Retro hardware is so much fun. Today we have the Asus P2B, and while it was not a game changer for the time, it was a popular board. This popularity sprang from its excellent compatibility with older Pentium II processors and a wide variety of AGP cards. It was one of the last series of boards that Asus released that did not feature the jumperless BIOS options that we take for granted these days.
3 ISA ports staring us in the face! ATA-33? Oh yeah!
There are some things that really spring out when looking at the board. Having 3 ISA slots seems pretty much overkill as most people used perhaps two of them (modem and sound card), but I can see this being popular with people who also utilize older SCSI cards (such as those used with scanners of the time). Having 3 ISA meant that there were only 4 PCI slots. Remember, ISA and PCI slots situated next to each other would share the same backplate slot, so PCI and ISA could not be used adjacent to each other. Remember as well that we often saw issues with the first PCI slot as it shared resources with the AGP slot. This essentially gives only two usable PCI slots if a user was full up on ISA cards.
The board features 3 DIMM slots at a time when it was popular to use a buffer chip to allow up to four DIMM slots. These buffer chips were often a big performance hit in memory operations and they quickly fell out of favor with most enthusiasts and power users. Having 3 DIMM slots did lower the maximum potential installed memory, but not by all that much. The performance benefits of slightly less memory but better performance often outweighed having that fourth DIMM.
These old boards look so bare even compared to current low-end motherboards. Excellent for someone who needs two serial ports, though!
The BX boards supported the 100 MHz bus speed for the latest Pentium IIs and upcoming Pentium !!!s. This particular board was quite popular with people that had older Pentium IIs with the 66 MHz FSB. Running these at 3 x 100 or 3.5 x 100 would give a nice overall boost for these aging processors. Users who were early implementers of Pentium II CPUs were stuck with the old 440FX chipset which did not feature SDRAM or AGP support. This would have been a nice upgrade in performance and functionality for those users as they could pop in their Pentium II 266 or 300 and tweak their way to performance nirvana.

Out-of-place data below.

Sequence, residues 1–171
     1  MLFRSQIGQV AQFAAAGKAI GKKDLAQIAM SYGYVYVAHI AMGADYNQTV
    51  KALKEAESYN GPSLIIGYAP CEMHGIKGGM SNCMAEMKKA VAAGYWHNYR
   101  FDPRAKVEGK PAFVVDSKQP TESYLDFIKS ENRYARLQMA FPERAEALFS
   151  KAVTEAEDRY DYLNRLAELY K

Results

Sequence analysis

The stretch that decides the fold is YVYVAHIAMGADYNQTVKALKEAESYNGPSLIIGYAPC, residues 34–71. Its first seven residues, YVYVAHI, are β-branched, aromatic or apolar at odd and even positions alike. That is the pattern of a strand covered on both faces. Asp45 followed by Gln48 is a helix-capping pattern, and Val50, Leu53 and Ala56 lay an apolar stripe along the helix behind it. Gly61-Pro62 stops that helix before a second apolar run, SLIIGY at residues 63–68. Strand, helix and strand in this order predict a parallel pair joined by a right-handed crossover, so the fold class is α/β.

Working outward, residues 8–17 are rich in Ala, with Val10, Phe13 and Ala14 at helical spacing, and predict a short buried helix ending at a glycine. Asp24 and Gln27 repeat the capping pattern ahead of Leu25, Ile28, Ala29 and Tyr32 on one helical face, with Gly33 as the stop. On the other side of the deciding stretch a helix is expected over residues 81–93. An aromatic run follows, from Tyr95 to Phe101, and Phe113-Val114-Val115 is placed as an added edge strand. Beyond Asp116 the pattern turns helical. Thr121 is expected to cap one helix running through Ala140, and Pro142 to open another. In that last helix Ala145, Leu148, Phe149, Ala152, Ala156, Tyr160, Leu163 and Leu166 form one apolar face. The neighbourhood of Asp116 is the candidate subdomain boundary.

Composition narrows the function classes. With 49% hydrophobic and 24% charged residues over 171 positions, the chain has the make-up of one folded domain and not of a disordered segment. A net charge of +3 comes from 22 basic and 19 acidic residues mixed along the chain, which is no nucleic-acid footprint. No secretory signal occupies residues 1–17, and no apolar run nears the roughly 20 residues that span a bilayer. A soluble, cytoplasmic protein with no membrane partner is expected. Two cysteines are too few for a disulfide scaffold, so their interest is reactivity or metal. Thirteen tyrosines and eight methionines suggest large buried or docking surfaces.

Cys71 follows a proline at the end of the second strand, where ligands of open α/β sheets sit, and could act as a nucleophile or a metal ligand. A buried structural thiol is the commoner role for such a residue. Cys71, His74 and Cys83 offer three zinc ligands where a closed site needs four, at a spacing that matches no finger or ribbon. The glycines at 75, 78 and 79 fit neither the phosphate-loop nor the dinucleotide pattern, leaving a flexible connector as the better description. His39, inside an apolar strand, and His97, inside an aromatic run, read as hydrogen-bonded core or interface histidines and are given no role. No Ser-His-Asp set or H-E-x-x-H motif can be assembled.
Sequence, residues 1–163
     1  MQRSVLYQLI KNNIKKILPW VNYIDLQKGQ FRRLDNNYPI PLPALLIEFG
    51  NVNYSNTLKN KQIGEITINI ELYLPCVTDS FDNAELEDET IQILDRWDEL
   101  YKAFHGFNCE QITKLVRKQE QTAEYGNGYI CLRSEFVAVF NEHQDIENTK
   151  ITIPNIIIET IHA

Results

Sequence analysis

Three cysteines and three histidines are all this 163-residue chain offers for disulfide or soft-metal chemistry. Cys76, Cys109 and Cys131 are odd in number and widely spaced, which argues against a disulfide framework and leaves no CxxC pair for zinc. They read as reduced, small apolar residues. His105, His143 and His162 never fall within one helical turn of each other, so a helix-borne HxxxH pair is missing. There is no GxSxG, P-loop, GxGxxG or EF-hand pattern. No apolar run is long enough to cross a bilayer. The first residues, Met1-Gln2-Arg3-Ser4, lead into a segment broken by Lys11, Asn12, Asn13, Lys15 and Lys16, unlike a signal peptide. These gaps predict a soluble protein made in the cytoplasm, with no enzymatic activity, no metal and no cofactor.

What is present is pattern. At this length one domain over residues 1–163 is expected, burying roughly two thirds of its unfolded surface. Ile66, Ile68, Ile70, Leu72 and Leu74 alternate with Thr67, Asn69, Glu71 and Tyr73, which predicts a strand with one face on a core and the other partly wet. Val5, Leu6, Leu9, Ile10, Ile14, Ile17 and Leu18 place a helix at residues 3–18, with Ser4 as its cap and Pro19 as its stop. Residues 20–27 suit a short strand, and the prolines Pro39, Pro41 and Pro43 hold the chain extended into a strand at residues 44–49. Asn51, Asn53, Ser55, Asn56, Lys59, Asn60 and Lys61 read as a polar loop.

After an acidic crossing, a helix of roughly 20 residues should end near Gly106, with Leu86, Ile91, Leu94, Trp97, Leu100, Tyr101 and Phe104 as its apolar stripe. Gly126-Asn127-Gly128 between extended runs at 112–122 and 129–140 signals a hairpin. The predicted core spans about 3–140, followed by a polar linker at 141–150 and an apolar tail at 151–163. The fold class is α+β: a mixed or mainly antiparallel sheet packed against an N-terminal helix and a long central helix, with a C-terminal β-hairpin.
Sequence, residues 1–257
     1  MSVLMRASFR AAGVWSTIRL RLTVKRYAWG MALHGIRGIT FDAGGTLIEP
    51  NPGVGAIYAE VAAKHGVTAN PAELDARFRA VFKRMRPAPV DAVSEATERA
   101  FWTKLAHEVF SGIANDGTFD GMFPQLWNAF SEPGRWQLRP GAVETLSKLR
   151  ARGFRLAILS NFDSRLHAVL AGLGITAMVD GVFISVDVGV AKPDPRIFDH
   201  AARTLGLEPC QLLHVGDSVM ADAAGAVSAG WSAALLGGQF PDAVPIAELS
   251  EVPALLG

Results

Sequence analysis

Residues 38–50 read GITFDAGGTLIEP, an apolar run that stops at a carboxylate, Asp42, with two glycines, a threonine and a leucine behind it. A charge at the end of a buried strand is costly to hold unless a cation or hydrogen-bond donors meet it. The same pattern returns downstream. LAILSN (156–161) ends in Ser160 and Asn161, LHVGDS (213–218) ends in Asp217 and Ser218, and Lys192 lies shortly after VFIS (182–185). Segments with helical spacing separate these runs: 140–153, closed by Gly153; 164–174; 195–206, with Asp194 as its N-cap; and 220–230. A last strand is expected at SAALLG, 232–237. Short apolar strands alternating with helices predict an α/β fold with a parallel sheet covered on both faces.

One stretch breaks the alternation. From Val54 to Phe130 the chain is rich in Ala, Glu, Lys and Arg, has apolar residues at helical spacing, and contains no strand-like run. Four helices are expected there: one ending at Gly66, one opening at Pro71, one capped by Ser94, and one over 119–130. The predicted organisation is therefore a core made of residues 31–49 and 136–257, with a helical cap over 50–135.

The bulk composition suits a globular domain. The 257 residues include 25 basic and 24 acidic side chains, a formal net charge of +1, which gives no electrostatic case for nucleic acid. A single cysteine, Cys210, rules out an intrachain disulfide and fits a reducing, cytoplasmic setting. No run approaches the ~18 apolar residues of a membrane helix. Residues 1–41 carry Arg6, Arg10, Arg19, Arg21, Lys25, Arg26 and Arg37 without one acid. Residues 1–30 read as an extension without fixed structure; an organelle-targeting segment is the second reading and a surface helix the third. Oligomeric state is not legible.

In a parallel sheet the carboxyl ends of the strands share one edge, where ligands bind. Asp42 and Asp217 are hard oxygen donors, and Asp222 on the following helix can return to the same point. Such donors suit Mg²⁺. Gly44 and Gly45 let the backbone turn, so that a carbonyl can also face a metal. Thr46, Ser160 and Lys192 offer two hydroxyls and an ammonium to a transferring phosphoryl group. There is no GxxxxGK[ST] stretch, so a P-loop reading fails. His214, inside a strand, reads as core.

This board was released before we saw the change to the colored peripheral connections, so every plug on the back of the board is black. Color coding was for wimps anyway. It also does not include integrated sound. So there goes one of those ISA slots. Users of the time would have probably installed a soundcard, modem, PCI Ethernet card, and their AGP card. So where would the Voodoo 2 go? How about two of them? Things would get awful crowded very quickly.
That dust may or may not have been deposited around 1999…
The AGP support on these boards was of course excellent. That is primarily because Intel was the main driver of the specification and everyone else developed their cards to run in these slots. VIA, SiS, and others of course had compatibility issues with a wide variety of cards. This is why we saw other folks like 3dfx make their products run at below AGP specs. For instance, the Voodoo 3 was essentially a PCI 66 MHz device in the AGP slot. This disabled features like sideband addressing and reading textures from main memory.
This was still a popular board even in the face of competition with superior features. The Asus brand and name goes far. Plus it was a fast board for the time that was a bit no-frills. Recipe for success? I guess so. This particular board and CPU were running in a homebuilt server for around 10 years until it was replaced. I guess it was money well spent.